Why Do I Keep Binge Eating At Night?
f you’ve ever got up in the middle of the night and treated yourself to ice cream or another snack, this article is for you. This is quite common, but if your nightly trips start happening more frequently, it may be time to get help from a professional. So, let’s talk about binge eating and why you may feel particularly hungry during the night.
What is binge eating?
According to the National Institute of Health, Binge eating is a pattern of disordered eating that involves episodes of uncontrollable eating. During a binge, a person may eat a large amount of food in a short period of time, even if they are not hungry. They may also feel a sense of loss of control or shame during the binge.
|Definition||Recurrent episodes of eating significantly more food in a short period of time than most people would eat under similar circumstances, with episodes marked by feelings of lack of control.||Eating more food than you typically would in a single sitting.|
|Symptoms||Feeling a sense of loss of control during the episode, eating even when you are not hungry, and feeling guilty or ashamed afterward.||Not feeling a sense of loss of control during the episode, not feeling guilty or ashamed afterward.|
|Causes||Binge eating disorder, emotional distress, stress, and boredom.||Emotional distress, stress, boredom, dieting, genetics.|
|Treatment||Therapy, medication, lifestyle changes.||Lifestyle changes.|
Some symptoms and signs of binge eating include:
- Eating large amounts of food in a short period of time
- Feeling out of control during a binge
- Eating until you feel uncomfortably full
- Eating alone because you feel embarrassed
- Feeling guilty or ashamed after a binge
- Eating even when you’re not hungry
- Hoarding food
- Avoiding social situations because of your eating
Why do I binge eat at night?
Eating late at night can have many causes, ranging from something as simple as skipped meals to hormone levels. We’ve summarized the reasons why you may binge eat at night below:
- Time of day: Ghrelin is the hormone responsible for appetite and studies show that levels increase at night while our feeling of fullness decreases.
- Stress levels: The study that discovered the ghrelin increase at night also noticed that binge eating increased at night when cortisol levels were high. Cortisol is called the stress hormone and makes you hungry by raising your blood sugar and insulin.
- Bad diet: The type of food you eat can affect your hunger levels. Leptin is a hormone that helps your body manage weight and regulate body fat. If your diet includes sugary and processed foods, your body may develop leptin resistance and, as a result, you may have trouble feeling full (Cleveland Clinic).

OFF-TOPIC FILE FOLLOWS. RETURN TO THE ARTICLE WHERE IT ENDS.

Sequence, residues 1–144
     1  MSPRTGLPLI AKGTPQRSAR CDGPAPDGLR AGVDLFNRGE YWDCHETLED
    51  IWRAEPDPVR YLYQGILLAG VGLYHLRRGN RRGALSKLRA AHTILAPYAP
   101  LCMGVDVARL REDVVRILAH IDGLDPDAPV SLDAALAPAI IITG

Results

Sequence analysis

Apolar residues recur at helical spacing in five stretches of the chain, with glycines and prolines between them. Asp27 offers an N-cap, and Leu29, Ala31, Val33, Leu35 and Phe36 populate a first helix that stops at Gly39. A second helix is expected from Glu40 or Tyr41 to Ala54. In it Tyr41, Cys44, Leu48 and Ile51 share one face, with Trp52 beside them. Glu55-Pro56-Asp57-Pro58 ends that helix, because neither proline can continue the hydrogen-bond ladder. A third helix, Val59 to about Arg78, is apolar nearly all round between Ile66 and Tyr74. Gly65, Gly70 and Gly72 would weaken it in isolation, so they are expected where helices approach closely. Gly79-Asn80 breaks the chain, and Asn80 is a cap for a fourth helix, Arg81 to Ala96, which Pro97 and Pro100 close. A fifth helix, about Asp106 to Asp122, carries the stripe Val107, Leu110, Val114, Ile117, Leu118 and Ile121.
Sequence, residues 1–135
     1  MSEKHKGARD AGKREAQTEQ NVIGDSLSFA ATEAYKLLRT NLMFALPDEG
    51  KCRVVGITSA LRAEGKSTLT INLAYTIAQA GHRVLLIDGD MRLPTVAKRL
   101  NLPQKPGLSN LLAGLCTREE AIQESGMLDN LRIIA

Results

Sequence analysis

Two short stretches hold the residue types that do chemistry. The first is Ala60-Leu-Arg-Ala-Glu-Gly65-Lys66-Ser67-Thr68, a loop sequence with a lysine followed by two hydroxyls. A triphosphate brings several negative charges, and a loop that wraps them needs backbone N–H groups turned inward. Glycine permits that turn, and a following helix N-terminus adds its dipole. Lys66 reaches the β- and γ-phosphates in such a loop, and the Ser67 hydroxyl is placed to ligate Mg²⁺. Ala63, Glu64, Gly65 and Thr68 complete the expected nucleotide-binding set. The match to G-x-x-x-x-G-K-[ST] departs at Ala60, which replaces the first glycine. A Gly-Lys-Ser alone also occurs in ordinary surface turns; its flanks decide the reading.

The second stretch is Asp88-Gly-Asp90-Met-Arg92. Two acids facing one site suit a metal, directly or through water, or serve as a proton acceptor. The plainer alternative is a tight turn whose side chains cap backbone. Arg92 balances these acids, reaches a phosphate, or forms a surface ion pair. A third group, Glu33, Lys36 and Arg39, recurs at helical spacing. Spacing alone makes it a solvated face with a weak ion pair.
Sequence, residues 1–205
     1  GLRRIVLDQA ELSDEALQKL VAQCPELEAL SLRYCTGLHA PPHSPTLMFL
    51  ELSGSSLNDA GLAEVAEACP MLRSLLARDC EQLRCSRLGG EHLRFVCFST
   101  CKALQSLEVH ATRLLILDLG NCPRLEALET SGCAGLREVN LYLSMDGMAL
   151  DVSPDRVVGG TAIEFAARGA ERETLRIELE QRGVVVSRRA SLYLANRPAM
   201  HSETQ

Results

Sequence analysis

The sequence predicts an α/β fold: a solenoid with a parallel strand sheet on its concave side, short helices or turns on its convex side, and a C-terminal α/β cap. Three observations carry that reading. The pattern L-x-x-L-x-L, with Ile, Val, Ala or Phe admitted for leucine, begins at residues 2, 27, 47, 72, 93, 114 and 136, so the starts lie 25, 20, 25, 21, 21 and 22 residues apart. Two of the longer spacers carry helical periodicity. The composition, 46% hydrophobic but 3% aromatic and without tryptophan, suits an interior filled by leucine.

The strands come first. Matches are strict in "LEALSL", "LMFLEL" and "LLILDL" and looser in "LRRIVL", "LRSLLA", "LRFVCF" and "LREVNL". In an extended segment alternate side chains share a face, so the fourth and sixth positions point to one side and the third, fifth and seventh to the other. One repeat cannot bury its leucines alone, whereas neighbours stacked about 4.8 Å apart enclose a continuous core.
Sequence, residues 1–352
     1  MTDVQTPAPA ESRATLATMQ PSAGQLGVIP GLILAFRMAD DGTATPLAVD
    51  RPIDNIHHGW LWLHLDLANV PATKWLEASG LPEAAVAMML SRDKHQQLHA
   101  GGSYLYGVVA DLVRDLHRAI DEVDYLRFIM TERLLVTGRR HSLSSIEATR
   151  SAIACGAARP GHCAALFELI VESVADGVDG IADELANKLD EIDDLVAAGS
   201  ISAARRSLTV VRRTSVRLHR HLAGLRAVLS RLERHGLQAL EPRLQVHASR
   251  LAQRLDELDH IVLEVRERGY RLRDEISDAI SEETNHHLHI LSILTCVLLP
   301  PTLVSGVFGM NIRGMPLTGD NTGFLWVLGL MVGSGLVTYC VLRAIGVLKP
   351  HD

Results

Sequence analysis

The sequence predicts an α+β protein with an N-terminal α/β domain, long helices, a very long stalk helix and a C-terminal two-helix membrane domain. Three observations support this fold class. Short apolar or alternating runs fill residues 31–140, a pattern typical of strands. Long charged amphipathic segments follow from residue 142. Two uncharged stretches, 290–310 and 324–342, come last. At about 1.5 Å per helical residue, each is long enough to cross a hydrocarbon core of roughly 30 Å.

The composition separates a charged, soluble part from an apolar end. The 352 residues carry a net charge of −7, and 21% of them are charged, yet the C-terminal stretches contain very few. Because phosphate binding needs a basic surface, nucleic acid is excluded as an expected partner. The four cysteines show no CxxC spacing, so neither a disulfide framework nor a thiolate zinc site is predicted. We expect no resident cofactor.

How can I stop binge eating?
If you’re interested in stopping your frequent nighttime snacking, there are several strategies that could help you:
- Understand Your Triggers: Keep a food and mood diary to identify patterns. For instance, you might notice that you binge eat when you’re stressed, lonely, or bored. Once you know your triggers, you can develop healthier coping mechanisms.
- Follow a Regular Eating Schedule: Eating meals and snacks at the same times every day can help regulate your hunger signals and reduce the likelihood of binge eating.
- Practice Mindful Eating: Eat slowly, savor each bite, and try to engage all your senses. This can help you enjoy your food more and prevent overeating.
- Keep a Balanced Diet: Consuming a diet rich in whole foods, such as fruits, vegetables, lean protein, and whole grains, can keep your blood sugar stable and prevent food cravings.
- Exercise Regularly: Physical activity can help regulate your appetite and mood, which may reduce the desire to binge eat.
- Manage Stress: Find healthy ways to cope with stress, such as meditation, yoga, walking, or other relaxing activities.
- Get Enough Sleep: Lack of sleep can increase hunger and cravings. Make sure to get a sufficient amount of quality sleep each night.
- Seek Professional Help: If binge eating continues to be a struggle, consider reaching out to a healthcare professional. This could be a dietitian, a psychologist, or a psychiatrist who specializes in eating disorders. They can provide you with personalized strategies and treatments, such as cognitive-behavioral therapy (CBT), which is often very effective in treating a binge eating disorder.
Help is here when you need help with binge eating
Remember, you’re not alone, and professional help is available at Oasis Eating Disorder Recovery clinic. We offer a range of supportive programs, including:
- Intensive Outpatient Program
- Partial Hospitalization Program
- Outpatient Psychiatric Services
- Specialized Mental Health Services
In our clinic, you will find a team of professionals ready to journey with you towards achieving a healthier relationship with food and yourself. Your struggle is valid, and so is your ability to overcome it. Together, we can turn these nightly food struggles and guide you along the stepping stones toward a healthier, happier you. Contact us today to learn more!